Resource, Activity or Game

This free, printable resource from ReFrame Media includes daily and weekly faith focused activities that your family can do together not only to count down the days until Christmas, but also to prepare your hearts for the greatest of gifts, Jesus Christ.

November 16, 2017 0 0 comments
Resource, Guide or Toolkit

It takes a village—the whole congregation—to nurture the faith of its young people. Here are ten ways to connect with young people and children. 

November 14, 2017 1 0 comments
Resource, Prayer

I was organizing my basement recently and came across the following prayer that has meant so much to me in my spiritual journey. Perhaps it will encourage those who are wondering about the road ahead. 

November 12, 2017 2 6 comments

I’m always searching for faith-nurturing ideas that busy families can actually do. This week I found two of them. Got rocks or blocks? Then you’re ready to roll!

November 9, 2017 1 0 comments

I recently attended a conference hosted by the Association of Youth Ministry Educators in Dallas, TX, and I'm excited to share with you about a model for ministry called, "Youth Ministry in Thirds." 

November 9, 2017 2 0 comments

We have nine Bible storybooks in our house, one for every year we’ve been parents. But recently we added something new to the mix, a big book on family worship. And we're pretty excited about it! 

November 7, 2017 1 2 comments
Resource, Lesson or Study

The Big Question is a new four-session study that explores how the catechism’s Q&A 1 can shape our faith. 

November 7, 2017 0 0 comments

About a year ago, as Venezuela was beginning to deteriorate into violent chaos, I prayed for God to expand my borders. A short time later, he brought refugees Alejandro and Sandra into my life. 

November 3, 2017 3 1 comments

All of the struggles of these past six months seemed so small; the pain of leaving a church, the incessant theological pushback. None of these things really mattered in comparison with knowing him.

November 2, 2017 1 0 comments
Resource, Activity or Game

Rather than adding another program or creating a new ministry team, here’s one idea for enhancing one event most church members already enjoy: add a storytelling activity to your next planned potluck.

November 2, 2017 0 0 comments
Resource, Conference or Event

The APCE conference offers more than 70 workshops focused on youth, leadership, worship, hospitality, social justice, and more. Ignore the name. Attend the conference. You’ll be glad you did. 

November 1, 2017 0 0 comments
Resource, Guide or Toolkit

“Ten Ways to Be a Caring Deacon” offers ten tips to help deacons care for others, as well as themselves, as they live out their calling and serve their congregation and community.

October 31, 2017 0 0 comments
Resource, Guide or Toolkit

If we fail to intentionally include and accommodate people, the church suffers just as much as the person excluded. Here are a few tips to help you think about working together in God’s growing kingdom.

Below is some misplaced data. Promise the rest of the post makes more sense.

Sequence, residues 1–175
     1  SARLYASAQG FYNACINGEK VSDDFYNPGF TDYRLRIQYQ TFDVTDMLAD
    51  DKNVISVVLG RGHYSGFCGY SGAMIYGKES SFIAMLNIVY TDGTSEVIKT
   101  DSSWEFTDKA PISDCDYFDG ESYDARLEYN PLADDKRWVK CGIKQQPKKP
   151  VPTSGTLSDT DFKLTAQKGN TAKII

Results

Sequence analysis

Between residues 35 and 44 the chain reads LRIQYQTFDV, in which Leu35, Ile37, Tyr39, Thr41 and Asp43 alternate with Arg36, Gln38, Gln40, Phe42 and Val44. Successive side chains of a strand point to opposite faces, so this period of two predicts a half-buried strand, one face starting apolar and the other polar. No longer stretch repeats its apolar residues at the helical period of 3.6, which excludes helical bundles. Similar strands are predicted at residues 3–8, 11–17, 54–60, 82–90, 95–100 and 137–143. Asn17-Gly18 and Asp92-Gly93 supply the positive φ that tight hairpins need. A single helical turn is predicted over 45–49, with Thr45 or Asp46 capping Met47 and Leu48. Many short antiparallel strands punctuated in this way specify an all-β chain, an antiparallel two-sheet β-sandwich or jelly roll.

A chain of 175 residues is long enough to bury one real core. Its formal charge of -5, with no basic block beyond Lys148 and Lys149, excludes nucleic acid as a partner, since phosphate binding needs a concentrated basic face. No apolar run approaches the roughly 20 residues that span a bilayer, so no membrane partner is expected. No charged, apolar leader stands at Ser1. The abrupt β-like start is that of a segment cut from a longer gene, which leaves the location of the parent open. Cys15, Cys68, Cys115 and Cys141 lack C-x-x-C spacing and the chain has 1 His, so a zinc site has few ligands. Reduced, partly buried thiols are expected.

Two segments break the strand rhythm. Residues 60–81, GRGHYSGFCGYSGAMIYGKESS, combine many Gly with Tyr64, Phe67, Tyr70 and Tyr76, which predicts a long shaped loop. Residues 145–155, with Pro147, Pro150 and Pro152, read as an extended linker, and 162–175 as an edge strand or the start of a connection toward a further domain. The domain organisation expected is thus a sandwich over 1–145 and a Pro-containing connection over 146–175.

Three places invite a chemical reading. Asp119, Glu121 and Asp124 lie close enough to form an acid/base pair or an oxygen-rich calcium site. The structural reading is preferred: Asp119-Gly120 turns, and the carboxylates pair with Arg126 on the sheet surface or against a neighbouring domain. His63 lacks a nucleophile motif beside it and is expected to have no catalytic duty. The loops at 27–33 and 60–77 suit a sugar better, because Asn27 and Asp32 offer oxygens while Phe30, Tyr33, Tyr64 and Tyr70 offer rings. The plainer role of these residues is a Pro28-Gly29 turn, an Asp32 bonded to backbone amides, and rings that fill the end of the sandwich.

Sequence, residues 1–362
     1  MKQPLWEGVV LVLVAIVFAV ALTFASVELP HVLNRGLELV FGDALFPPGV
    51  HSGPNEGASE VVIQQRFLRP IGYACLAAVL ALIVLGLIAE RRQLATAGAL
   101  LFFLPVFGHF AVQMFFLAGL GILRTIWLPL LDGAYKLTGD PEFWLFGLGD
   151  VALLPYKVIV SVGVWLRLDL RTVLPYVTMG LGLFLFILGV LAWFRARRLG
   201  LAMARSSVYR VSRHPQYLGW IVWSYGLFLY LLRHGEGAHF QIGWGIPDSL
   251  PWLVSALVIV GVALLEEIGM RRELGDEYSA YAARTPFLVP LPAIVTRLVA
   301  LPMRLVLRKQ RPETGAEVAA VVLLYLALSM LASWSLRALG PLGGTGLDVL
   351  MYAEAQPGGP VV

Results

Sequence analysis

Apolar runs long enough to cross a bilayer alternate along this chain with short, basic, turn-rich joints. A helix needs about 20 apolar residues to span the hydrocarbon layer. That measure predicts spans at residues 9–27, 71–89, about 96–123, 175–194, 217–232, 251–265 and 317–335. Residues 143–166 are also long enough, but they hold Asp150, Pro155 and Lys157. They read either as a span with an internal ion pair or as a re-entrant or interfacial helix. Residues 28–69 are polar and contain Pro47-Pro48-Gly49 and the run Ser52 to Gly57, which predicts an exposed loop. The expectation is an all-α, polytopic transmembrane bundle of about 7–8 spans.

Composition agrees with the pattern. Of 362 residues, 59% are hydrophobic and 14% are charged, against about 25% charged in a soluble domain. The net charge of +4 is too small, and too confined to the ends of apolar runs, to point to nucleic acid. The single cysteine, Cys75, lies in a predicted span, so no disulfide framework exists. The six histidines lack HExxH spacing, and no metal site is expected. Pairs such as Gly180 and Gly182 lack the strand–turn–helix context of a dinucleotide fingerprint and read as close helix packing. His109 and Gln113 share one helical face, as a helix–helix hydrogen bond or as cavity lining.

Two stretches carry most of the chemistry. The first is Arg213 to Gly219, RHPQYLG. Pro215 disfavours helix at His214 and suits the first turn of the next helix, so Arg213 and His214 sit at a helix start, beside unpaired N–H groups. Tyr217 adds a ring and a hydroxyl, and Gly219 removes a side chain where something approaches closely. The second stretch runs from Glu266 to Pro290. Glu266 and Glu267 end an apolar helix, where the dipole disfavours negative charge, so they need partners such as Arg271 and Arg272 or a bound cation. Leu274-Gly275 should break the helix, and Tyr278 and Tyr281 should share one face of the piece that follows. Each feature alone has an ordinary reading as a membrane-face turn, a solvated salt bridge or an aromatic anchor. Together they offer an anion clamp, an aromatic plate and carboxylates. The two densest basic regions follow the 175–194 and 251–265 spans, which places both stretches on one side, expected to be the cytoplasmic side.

October 26, 2017 0 0 comments
Resource, Guide or Toolkit

If you are feeling a pull to explore ordained pastoral ministry, these ten steps will help you discern whether that is the path God is calling you to take.

October 25, 2017 0 0 comments
Resource, Guide or Toolkit

This one-page resource from Faith Formation Ministries introduces the Building Blocks and shares ten tips for using them to transform your congregation.

October 25, 2017 0 0 comments
Resource, Article

Spiritual growth can’t be programmed, but great resources are important. As someone who is part of an intergenerational small group, I wanted to share some of my favorite resources! 

October 25, 2017 0 2 comments
Resource, Article

My Reformed roots have blessed me, and continue to bless me, in too many ways to count. I’ll name just three.

October 23, 2017 4 1 comments

Arnie talked for a minute more, his curious energy bringing the Old Testament to life. As he sat down, I wanted to hug him. I wanted to say thank you for making a middle schooler interested in the book of Malachi. 

October 23, 2017 2 6 comments
Resource, Guide or Toolkit

This fall we’re celebrating the 500th anniversary of the Reformation. I can’t think of a better Sunday take home gift for everyone in your congregation than a copy of Ten Ways My Reformed Identity Shapes My Faith.

October 19, 2017 0 0 comments
Resource, Book or eBook

Online cultural magazine, Think Christian, recently put out a new ebook, the “Pop Culture Primer,” that aims to help Christians consider what they watch, listen to, read, and play through the lens of their faith in Christ.

October 16, 2017 1 2 comments

We often end our youth group year by inviting the teens to write down questions they’re struggling with. This past spring I was shocked by the composite question that topped the list.

October 15, 2017 3 3 comments
Resource, Book or eBook

Nothing reaches kids like a well-told story with eyeball-grabbing art. If it’s time for a refresh of your personal or church library, check out these beautiful faith-forming books.